• Practise speaking
  • Read your talk to other people
  • Practise projecting your voice to the other end of the room
  • Use silences they are powerful!
  • Record yourself


10% of our message is words, 20% in the tone and expression, that leaves 70% comes from body language. Learn to use facial expressions, gestures, eye contact, hand movements etc to help you.

Tips for using powerful body language

  • Stance – feet slightly apart, body balanced, hands relaxed, head up directed at the audience
  • If you are sharing an item, pick it up but don’t let it be a distraction until you need it
  • Smile at the audience, look as if you are enjoying sharing your talk with them


We all gave our talks Monday, despite a few nerves we did our best. As we were delivering our talk two of our peers gave feedback on what they noticed while Ellen also kept notes. After all talks we looked at reflecting on our performances which is a good way to look at what went well and what we could change for next time. Copies of all the feedback can be read in their record books.

Something for you to think about. 

Which talk/s did you think were most entertaining, informative and effective? Why was that?

Which strategies did you use to prepare for you talk?

What would you like to hear in another talk or would you like to research for next time?


September 9

Resource Based Learning RBL

This term we have been working closely with our knowledgable Librarian Janet Sweeney, who has been helping us learn more about the history of parts of South Australia. It’s important that we understand that things change over time and that while we might be familiar with things now, it may have been quite different in the past. Change affects people and environments, in some cases significantly and we need to understand these changes from different perspectives.

City of Adelaide from Mr Wilson's Section on the Torrens, June 1845, G. F. Angas (AGSA Collection)

City of Adelaide from Mr Wilsons Section on the Torrens June 1885 G.F.Angas

We began by looking closely at The River Torrens which is a major river close to our school and very familiar to us all. Geography and mapping skills were needed to understand origins of the river from the source, the beginning, and the end, the mouth of the river.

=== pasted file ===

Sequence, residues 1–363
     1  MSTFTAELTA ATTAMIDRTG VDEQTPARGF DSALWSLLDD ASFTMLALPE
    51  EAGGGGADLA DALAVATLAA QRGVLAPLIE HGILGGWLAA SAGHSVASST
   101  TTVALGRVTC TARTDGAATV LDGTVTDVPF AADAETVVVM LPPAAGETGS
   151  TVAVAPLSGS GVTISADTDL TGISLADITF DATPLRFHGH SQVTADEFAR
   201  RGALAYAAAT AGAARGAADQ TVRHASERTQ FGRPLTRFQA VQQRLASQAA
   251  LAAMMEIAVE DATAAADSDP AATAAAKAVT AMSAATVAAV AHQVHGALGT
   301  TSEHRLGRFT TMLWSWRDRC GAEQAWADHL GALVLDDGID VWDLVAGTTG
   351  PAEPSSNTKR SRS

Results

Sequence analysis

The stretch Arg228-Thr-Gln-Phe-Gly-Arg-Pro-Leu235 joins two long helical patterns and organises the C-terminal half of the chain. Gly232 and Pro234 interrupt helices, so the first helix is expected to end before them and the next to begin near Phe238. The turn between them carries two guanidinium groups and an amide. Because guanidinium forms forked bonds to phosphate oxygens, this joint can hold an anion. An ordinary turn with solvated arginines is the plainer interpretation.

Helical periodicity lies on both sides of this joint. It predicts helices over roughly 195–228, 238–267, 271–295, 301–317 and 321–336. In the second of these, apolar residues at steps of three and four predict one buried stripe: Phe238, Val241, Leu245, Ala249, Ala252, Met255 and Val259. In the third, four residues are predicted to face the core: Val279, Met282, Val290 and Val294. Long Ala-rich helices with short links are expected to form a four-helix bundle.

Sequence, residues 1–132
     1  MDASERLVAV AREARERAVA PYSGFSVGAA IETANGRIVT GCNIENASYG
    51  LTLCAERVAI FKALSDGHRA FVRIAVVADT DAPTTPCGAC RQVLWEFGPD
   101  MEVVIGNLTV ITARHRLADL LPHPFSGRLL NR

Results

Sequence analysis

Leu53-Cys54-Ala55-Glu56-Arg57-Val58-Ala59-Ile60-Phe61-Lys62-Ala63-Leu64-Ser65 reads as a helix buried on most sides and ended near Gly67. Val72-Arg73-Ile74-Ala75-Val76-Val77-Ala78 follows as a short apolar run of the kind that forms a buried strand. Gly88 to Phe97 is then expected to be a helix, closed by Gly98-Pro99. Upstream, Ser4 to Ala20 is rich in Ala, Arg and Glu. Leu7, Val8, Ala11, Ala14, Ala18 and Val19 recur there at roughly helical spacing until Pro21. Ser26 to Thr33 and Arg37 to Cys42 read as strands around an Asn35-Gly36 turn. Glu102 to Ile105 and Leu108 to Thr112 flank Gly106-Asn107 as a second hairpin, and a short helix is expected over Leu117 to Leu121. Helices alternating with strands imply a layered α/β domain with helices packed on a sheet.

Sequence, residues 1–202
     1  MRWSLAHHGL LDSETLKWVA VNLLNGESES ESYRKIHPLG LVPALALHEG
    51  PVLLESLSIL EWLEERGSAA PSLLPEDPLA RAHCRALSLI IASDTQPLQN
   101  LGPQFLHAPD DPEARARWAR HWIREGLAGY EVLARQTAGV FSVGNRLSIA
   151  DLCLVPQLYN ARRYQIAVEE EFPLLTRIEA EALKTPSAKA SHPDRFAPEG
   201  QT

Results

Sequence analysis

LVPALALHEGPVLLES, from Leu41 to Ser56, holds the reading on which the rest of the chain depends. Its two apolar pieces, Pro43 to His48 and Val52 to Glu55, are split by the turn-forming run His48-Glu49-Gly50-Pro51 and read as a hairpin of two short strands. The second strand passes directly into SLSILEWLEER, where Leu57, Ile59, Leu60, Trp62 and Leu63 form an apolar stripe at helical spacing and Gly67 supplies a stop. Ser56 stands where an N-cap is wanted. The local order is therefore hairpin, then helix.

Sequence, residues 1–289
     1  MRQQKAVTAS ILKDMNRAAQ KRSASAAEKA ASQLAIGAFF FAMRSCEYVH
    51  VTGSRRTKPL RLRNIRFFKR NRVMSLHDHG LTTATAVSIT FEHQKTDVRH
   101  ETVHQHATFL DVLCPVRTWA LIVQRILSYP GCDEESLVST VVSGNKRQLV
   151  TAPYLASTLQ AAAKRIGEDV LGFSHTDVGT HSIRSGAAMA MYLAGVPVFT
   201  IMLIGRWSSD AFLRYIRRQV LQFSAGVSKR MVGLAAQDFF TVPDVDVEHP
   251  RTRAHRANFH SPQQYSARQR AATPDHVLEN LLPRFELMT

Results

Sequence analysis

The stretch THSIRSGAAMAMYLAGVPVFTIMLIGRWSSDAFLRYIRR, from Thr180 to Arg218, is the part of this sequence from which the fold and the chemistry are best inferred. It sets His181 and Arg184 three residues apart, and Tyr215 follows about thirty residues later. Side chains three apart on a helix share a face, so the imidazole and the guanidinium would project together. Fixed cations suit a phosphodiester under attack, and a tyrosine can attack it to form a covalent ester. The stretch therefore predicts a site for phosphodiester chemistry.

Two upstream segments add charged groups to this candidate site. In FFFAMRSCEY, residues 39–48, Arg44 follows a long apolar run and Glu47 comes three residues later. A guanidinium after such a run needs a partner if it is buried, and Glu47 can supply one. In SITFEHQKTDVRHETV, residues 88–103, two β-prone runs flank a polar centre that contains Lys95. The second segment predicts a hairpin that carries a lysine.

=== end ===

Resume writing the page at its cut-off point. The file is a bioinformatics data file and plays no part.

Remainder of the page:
Map of Adelaide

Look closely, can you locate the River Torrens ?

We were able to use google Earth to find and locate the path of the River Torrens  from the source in the foothills as it meanders its way across the Adelaide Plains east to west to the mouth at West Beach.

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Researching the Past

We know that the river flows through the land of the Aboriginal people of Adelaide called the Kaurna people. They called the river Karrawirrapari which we learnt meant Red Gum Forrest River or sometimes it was called Tandaparri which meant Red Kangaroo River. The Kaurna people used the river for water, hunting and built campsites along the banks using resources from the river environment. Researching information about past events is history, so we needed to rely and build our literacy skills in locating information which was linked to the River Torrens environments from long ago.

Here a Kaurna male is cutting holes in the tree to help climb up and we can see signs of this activity today in this scar tree. 

We discovered that the river was a place which provided a lot of food for the Aboriginals who camped nearby. Foods such as water fowl, cockles, fish and barti, which are witchetty grubs, these were found in the bark of the river gums. As the seasons changed we found out that the river changed from raging fast flowing flood waters in winter to small chains of small ponds in the summer months.

images-2Witchetty grubs like to live in the bark of trees close to the river and were quite a tasty snack for the Kaurna people.

It became very clear to us that Karrawirrapari was a very important resource for the lives of the Kaurna people in the past.

Building researching skills

We were given lots of information both written and visual to gather our facts. Note taking is a really important skill and can be a challenge. We needed to use lots of reading strategies to look at texts using their words and images, find key words and then summarising them into our own sentences.